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Quick Tip Windows 7: Customize the command prompt

In Microsoft Windows 7, you can customize the command prompt using specifically configured shortcuts to better match the task at hand.

Despite the Microsoft Windows 7 graphical user interface, with its advanced features like Snap, Shake, and Peek, there are still plenty of good reasons to use the command prompt. If you find yourself using the command prompt for several different tasks, you may want to take a few minutes to customize it. By adjusting the font, screen size, and background color, you can make several versions of the command prompt environment, thereby associating each command prompt shortcut to a specific task.

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Create the shortcut

The customization is accomplished by adjusting property settings located in a Windows shortcut. The first step is to create a command prompt shortcut. There are several ways to do this, but for our purposes we'll use the direct method.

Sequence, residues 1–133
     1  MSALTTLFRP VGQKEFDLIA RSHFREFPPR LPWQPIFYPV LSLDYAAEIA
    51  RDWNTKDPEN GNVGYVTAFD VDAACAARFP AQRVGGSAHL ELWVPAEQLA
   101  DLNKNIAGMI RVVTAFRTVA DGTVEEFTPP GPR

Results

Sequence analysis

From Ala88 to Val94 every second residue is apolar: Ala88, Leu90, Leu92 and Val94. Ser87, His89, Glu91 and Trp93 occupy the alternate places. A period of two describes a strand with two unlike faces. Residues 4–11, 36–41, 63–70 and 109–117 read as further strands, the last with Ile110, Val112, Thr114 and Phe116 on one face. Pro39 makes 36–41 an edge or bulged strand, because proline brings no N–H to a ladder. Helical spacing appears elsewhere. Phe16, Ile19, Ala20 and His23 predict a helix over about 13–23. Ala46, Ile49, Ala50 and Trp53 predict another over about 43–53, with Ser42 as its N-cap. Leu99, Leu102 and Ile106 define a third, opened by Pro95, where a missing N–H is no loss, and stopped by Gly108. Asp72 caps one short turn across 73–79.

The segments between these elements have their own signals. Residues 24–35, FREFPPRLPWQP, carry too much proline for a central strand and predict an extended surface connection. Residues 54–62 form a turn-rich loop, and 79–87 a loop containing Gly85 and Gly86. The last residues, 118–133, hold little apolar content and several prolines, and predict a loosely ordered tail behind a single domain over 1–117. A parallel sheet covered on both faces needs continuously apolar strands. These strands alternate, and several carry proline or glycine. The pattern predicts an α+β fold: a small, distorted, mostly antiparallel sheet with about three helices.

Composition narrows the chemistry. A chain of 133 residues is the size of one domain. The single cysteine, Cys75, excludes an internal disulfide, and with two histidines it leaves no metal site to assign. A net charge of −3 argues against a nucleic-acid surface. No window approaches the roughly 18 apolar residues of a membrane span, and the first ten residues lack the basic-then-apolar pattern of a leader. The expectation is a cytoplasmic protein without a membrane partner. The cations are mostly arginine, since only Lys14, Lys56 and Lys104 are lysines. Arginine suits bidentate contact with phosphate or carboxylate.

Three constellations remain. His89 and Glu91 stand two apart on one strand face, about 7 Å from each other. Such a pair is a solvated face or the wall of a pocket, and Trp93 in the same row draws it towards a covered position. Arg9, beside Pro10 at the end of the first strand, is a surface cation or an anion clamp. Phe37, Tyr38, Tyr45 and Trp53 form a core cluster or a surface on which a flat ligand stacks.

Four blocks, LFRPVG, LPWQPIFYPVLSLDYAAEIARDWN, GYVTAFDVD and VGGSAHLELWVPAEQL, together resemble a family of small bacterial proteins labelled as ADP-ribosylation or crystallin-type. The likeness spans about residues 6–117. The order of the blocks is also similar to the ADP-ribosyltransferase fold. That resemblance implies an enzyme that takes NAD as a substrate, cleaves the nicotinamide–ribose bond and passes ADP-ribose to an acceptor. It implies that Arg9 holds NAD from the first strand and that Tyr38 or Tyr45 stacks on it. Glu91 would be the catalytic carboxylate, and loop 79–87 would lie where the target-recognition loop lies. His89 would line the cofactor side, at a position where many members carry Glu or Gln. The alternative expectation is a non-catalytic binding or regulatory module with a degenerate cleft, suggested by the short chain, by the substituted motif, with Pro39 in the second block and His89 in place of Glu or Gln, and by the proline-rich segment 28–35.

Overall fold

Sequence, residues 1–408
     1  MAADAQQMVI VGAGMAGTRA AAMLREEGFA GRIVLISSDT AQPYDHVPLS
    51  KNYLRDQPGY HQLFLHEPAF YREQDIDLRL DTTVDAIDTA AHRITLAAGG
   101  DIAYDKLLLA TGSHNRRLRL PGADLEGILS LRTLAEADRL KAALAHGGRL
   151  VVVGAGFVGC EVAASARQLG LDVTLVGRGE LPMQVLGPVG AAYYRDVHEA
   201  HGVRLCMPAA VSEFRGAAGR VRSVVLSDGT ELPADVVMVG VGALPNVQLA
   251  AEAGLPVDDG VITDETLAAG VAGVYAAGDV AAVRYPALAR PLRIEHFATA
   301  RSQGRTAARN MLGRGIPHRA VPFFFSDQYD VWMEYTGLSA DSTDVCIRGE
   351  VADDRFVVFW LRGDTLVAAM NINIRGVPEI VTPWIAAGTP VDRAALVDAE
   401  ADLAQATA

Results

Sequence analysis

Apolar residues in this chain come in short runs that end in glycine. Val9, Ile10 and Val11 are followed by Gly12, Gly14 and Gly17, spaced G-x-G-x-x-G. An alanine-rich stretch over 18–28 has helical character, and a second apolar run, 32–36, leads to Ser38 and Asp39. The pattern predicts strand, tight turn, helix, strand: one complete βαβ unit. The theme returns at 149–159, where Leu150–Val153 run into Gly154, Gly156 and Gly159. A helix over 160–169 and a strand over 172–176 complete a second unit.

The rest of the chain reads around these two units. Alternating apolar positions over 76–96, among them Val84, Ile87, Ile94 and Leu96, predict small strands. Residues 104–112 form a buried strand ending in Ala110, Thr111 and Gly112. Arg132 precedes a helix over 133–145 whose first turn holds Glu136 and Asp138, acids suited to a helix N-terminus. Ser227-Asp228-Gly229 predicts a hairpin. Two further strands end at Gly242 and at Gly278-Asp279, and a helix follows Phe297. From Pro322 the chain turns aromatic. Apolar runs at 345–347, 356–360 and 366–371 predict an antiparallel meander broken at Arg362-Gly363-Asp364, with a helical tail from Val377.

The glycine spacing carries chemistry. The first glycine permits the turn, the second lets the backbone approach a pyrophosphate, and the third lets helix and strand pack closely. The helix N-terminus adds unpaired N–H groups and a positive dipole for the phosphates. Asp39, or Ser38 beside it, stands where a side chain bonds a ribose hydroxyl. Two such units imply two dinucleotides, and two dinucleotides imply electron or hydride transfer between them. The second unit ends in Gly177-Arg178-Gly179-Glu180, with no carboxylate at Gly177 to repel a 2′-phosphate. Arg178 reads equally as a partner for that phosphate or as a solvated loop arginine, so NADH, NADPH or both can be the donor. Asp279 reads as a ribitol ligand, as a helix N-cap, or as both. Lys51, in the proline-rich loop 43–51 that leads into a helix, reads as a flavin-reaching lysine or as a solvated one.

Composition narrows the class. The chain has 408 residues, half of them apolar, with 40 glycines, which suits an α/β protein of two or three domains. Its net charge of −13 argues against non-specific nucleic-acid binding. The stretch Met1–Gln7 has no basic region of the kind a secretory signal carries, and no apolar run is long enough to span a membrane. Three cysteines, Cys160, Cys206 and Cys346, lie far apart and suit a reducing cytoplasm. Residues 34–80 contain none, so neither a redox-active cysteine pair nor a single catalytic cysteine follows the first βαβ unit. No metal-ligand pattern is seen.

Right-click on any blank part of the Windows 7 Desktop and navigate to the New | Shortcut menu item (Figure A). This action will open a shortcut creation wizard, like Figure B.

Figure A

New Shortcut

Figure B

Shortcut creation wizard
Type or browse the following path in the Type the Location of the Item box, as shown in Figure C. Click Next when you are ready.

C:\Windows\System32\cmd.exe

Figure C

The location
The next screen asks for a unique name for your new shortcut. You can name it whatever you'd like, but I am going to keep it simple and use Command 1 and then click Finish (Figure D).

Figure D

Command 1